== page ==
Relationship Between Savings and Economic Growth in Uganda (2000 - 2015)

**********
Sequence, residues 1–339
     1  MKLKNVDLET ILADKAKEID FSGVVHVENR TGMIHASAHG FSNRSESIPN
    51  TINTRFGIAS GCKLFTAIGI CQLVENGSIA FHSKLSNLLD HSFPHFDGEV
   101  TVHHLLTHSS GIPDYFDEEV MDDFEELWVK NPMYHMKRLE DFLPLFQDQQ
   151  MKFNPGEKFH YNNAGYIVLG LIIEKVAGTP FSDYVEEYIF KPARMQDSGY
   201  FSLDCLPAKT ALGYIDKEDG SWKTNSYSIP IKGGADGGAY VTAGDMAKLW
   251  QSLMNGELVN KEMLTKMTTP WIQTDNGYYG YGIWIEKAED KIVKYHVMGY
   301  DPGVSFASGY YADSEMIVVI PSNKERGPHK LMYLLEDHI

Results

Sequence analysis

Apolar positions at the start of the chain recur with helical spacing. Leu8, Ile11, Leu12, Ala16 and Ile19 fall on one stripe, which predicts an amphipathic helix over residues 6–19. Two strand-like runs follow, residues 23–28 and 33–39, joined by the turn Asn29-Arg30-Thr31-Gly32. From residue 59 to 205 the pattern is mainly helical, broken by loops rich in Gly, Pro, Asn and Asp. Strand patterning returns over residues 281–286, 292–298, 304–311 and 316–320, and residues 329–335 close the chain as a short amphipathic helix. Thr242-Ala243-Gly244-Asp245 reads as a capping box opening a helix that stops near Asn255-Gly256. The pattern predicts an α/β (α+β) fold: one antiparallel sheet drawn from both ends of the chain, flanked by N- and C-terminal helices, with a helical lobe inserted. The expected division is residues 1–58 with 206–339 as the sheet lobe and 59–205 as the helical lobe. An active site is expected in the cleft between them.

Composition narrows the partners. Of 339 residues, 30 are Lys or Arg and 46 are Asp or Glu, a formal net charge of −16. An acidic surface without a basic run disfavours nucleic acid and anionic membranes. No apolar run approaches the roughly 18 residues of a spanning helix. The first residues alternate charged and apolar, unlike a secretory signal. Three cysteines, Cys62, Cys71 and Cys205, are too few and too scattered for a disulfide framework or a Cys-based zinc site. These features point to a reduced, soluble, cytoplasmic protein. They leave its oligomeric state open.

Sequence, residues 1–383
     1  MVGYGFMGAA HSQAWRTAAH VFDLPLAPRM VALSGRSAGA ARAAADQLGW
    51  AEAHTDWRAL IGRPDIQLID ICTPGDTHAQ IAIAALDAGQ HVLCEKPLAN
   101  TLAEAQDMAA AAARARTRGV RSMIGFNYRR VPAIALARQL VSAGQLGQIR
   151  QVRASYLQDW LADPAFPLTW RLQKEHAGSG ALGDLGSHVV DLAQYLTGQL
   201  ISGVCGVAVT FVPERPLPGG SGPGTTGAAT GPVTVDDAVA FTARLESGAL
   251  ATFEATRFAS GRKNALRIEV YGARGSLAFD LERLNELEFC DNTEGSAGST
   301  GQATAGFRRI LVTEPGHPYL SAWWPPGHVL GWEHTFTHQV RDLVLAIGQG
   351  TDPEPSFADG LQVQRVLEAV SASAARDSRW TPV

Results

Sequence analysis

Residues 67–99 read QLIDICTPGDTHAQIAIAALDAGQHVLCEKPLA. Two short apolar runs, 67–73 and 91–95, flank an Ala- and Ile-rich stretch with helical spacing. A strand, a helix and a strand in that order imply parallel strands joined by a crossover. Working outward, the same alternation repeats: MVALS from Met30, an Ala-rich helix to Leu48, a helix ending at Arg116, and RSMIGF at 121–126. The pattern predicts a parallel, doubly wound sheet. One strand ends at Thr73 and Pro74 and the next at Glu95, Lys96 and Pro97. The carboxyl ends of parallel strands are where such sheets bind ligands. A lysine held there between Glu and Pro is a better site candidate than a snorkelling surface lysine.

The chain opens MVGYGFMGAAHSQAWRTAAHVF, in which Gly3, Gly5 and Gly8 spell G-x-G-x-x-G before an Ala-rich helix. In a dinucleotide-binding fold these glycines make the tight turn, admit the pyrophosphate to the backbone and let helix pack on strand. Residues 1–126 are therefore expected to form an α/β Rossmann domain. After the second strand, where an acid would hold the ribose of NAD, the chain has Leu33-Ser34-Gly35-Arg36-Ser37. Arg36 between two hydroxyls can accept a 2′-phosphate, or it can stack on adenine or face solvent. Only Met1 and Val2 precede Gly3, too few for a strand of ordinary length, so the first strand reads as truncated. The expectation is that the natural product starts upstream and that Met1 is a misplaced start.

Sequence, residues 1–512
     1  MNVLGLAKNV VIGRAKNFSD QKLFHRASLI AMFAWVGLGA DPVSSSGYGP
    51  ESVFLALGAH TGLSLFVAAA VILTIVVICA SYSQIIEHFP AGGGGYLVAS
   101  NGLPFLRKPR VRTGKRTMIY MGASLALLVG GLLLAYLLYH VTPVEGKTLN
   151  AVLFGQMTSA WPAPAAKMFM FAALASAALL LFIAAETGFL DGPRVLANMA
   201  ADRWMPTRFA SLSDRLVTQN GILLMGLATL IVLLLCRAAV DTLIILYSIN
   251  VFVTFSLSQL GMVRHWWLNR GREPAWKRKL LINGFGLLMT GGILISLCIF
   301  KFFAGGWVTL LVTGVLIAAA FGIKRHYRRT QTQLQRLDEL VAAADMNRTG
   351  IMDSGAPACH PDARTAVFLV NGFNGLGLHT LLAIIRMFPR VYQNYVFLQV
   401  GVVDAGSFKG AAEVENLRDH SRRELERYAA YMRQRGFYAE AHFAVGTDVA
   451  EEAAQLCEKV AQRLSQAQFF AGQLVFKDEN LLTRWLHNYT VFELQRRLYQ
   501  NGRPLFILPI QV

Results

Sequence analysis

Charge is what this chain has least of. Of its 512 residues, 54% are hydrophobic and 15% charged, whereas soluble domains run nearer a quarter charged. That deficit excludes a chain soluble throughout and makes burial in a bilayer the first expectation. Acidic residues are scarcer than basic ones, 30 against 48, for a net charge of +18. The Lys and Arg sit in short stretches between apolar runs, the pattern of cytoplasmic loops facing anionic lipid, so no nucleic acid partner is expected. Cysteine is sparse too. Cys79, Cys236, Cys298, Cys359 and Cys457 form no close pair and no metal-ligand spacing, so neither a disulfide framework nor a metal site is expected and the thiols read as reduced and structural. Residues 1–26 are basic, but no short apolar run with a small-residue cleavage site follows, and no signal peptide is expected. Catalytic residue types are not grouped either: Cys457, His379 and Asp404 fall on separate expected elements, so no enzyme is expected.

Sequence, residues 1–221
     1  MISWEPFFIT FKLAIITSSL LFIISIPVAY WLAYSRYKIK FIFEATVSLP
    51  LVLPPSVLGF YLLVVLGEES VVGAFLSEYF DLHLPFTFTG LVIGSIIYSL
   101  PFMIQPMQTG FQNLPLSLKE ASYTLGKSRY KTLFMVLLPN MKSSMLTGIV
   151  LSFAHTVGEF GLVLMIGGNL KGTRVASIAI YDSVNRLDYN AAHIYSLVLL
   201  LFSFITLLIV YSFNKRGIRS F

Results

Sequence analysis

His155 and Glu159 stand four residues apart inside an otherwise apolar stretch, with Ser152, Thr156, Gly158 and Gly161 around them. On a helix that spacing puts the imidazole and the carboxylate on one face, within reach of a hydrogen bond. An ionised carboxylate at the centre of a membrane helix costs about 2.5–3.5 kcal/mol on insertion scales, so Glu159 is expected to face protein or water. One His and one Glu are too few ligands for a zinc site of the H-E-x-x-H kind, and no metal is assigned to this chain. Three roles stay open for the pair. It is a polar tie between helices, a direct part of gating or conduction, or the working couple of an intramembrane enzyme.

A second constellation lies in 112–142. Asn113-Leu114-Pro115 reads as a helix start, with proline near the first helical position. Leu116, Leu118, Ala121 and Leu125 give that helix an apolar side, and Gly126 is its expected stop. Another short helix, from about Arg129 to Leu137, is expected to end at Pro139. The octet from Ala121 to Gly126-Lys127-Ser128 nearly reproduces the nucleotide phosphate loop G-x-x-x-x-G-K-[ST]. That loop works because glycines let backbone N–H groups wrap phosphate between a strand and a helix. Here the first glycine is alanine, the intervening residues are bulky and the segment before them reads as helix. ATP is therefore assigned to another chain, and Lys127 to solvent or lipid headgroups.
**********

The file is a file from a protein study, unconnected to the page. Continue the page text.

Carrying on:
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The main objective of this study was to establish the relationship between savings and economic growth in Uganda using secondary quarterly data for the period 2000 to 2015 from Uganda Bureau of Statistics. The main approach used was the ordinary least squares to test for the longrun relationship. The error correction model was applied to test for short run relationship and to determine the speed of adjustment between the short-run and the long-run equilibrium and Granger causality test was applied to test for the long-run causal relationship between the variables. The variables that were investigated in this study included economic growth, gross domestic savings, gross capital formation, household final consumption expenditure, gross national expenditure, exports and imports of goods and services. The empirical results show that previous economic growth and gross domestic savings significantly affect economic growth positively (0.656) and negatively (0.243) at 1 percent level of significance. Conversely the ratios of Household final consumption expenditure, Gross national expenditure, gross capital formation, exports and imports to gross domestic product do not significantly affect economic growth. Results from the short-run model reveal that the Error Correction Term has a correct negative (-0.517) sign which is significant at 5 percent level of significance, implies that in each period, economic growth adjusts between the current level and the long run equilibrium level and regressors bring about convergence in the long run. The Granger-causality tests revealed that savings does not granger-cause economic growth but economic growth positively Granger-cause savings. Thus, there is a unidirectional relationship running from economic growth to savings. The study recommends that government should consider to enforce policies that enhance income since it plays a major role in increasing savings so as to facilitate economic growth. This can be done through the increase in total factor productivity.